The cartoons were not his sole royal assignments; they were followed by a set of engravings, most of which were reproductions after great artists like Velázquez.
While many of his peers considered Goya’s efforts to duplicate and mimic the latter painter as foolishness, he had privy to a vast variety of the long-dead artist’s paintings that had been held in the royal library. Nevertheless, the young man was to master etching, a media that would expose both the real depths of his creativity and his political ideas. Goya’s etching of The Garroted Man (1775–78) was his biggest project to date, and it foreshadowed his subsequent Disasters of War collection (1810 and 1820).
The Garroted Man (1775–78) by Francisco de Goya; National Gallery of Art, CC0, via Wikimedia Commons
Goya was afflicted with illnesses, and his disease was exploited against him by his competitors, who were envious of any painter thought to be gaining in prominence. A few of the larger cartoons, such as The Wedding (1791-92), were rather enormous and had tested his physical stamina. Goya, ever ingenious, turned this disaster around, stating that his sickness had given him the knowledge to create more intimate and casual works. Nevertheless, he found the method restrictive since it did not enable him to depict intricate color transitions or textures, and it was incompatible with the impasto and glaze methods he was using on his paintings at the time.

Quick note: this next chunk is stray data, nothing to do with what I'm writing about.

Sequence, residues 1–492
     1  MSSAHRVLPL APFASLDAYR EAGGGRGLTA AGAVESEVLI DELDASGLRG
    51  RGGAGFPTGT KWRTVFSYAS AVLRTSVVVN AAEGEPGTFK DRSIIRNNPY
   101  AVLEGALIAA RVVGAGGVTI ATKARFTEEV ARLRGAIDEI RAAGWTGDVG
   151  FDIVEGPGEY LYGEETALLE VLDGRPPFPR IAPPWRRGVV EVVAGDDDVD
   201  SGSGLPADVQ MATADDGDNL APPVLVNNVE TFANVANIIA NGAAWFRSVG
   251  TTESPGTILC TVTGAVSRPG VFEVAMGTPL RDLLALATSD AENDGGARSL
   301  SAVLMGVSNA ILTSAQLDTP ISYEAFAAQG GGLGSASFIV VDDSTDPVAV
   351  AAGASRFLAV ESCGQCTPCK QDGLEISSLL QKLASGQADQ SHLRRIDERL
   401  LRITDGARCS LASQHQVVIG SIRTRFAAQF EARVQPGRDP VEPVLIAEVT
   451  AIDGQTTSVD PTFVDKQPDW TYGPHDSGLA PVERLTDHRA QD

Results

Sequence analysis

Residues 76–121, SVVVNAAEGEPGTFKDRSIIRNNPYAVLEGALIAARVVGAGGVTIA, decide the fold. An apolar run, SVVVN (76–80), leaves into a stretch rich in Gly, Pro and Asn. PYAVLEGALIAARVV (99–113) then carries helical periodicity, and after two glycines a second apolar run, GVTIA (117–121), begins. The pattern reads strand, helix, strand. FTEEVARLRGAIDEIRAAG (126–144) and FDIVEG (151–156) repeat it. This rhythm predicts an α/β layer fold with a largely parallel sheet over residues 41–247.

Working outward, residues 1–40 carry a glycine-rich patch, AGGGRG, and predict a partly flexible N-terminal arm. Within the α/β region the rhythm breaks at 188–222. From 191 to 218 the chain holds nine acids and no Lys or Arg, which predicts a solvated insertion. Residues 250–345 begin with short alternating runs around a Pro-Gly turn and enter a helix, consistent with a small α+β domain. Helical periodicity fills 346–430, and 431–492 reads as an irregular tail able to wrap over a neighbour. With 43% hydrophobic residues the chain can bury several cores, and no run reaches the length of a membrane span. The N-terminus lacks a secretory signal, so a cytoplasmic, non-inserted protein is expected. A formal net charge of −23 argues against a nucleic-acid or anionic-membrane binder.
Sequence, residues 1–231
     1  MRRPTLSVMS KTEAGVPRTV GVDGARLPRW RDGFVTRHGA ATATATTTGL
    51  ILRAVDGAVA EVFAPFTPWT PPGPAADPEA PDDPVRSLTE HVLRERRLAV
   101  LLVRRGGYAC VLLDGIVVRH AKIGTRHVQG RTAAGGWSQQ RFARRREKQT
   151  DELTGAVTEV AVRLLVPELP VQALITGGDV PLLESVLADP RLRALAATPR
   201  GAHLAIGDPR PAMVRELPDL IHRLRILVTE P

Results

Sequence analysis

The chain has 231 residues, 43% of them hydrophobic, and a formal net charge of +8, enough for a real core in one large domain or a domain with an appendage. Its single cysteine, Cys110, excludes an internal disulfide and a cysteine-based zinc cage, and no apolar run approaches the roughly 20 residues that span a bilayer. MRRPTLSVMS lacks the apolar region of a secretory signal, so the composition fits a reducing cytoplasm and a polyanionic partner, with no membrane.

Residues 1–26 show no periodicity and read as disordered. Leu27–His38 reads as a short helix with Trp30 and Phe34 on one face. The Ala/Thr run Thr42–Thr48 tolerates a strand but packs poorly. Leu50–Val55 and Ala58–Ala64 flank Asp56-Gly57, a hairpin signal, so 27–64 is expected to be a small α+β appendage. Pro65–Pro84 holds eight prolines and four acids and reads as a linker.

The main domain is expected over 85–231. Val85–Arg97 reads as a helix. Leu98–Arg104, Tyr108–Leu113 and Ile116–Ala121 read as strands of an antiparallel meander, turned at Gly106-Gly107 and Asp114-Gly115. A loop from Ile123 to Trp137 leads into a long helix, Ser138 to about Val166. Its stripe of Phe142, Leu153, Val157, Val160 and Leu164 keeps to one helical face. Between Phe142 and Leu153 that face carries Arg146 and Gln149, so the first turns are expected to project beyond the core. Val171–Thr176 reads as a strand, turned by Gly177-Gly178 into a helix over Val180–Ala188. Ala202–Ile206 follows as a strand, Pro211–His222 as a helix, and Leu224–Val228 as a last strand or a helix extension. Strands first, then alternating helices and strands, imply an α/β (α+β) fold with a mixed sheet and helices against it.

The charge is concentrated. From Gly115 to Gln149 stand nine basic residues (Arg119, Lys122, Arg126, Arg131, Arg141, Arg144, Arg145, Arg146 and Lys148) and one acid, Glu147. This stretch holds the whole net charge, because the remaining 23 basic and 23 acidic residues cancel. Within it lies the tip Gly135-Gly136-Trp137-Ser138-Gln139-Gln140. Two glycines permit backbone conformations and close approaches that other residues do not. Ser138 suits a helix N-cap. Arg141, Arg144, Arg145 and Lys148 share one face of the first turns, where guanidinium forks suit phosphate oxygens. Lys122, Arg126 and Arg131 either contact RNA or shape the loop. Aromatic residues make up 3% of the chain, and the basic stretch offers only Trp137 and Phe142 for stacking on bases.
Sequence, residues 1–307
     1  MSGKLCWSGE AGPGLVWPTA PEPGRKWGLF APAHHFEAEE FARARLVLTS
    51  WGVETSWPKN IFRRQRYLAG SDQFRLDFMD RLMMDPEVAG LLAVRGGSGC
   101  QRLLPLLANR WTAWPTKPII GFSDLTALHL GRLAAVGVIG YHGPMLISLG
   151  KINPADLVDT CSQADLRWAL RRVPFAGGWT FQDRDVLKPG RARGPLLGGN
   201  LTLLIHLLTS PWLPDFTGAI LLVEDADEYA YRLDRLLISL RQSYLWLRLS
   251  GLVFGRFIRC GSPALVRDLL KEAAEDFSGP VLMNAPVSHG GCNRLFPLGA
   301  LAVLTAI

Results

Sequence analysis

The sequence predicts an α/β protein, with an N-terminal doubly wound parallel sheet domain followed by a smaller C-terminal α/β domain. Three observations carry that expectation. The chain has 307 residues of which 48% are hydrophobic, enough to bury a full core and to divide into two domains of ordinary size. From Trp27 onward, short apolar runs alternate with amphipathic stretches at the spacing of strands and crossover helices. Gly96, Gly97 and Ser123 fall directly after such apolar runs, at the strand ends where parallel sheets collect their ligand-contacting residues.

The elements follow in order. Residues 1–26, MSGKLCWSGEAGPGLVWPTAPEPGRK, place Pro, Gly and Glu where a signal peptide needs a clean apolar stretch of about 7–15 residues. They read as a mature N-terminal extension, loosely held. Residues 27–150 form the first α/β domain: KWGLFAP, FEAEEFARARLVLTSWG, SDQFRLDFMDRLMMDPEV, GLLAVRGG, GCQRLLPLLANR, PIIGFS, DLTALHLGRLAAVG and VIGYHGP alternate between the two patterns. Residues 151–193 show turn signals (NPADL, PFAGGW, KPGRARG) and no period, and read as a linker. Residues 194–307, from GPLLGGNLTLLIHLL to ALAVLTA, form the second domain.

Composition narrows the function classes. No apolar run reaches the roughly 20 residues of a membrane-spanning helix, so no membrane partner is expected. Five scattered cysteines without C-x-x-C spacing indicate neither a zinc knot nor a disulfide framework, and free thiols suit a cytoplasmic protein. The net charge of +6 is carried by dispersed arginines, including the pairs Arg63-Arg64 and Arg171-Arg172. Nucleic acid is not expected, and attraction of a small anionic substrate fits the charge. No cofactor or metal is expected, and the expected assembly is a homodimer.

The tapestries appear to be observations on human sorts, style, and trends.
The Wedding (1791-1792) by Francisco de Goya; Francisco de Goya, Public domain, via Wikimedia Commons
Spanish Painter Goya’s Work as a Court Painter
The Count of Florida Blanca asked Goya to create his portrait in 1783. He became acquainted with the King’s half-brother Luis and worked on portraits of both the Infante and his relatives over two seasons. During the 1780s, his network of clients expanded to also include the Duke and Duchess of Osuna and other significant persons from the monarchy who he portrayed. In 1786, Goya was hired as an artist for King Charles III. In 1789, Goya was named court painter to Charles IV.
The next year, he was promoted to First Court Artist, with a wage of 50,000 Reales and a carriage stipend of 500 Ducats.
He created paintings of the monarch and queen, as well as Manuel de Godoy, the Prime Minister of Spain, and a number of other aristocrats. His pictures are renowned for their lack of flattery; his Charles IV of Spain and His Family (1801) is a particularly harsh evaluation of a ruling household. The painting is viewed as humorous by modern interpretations; it is supposed to highlight the hypocrisy underlying Charles IV’s authority. His wife Louisa was supposed to have wielded actual authority throughout his rule, thus Goya put her in the middle of the group photo.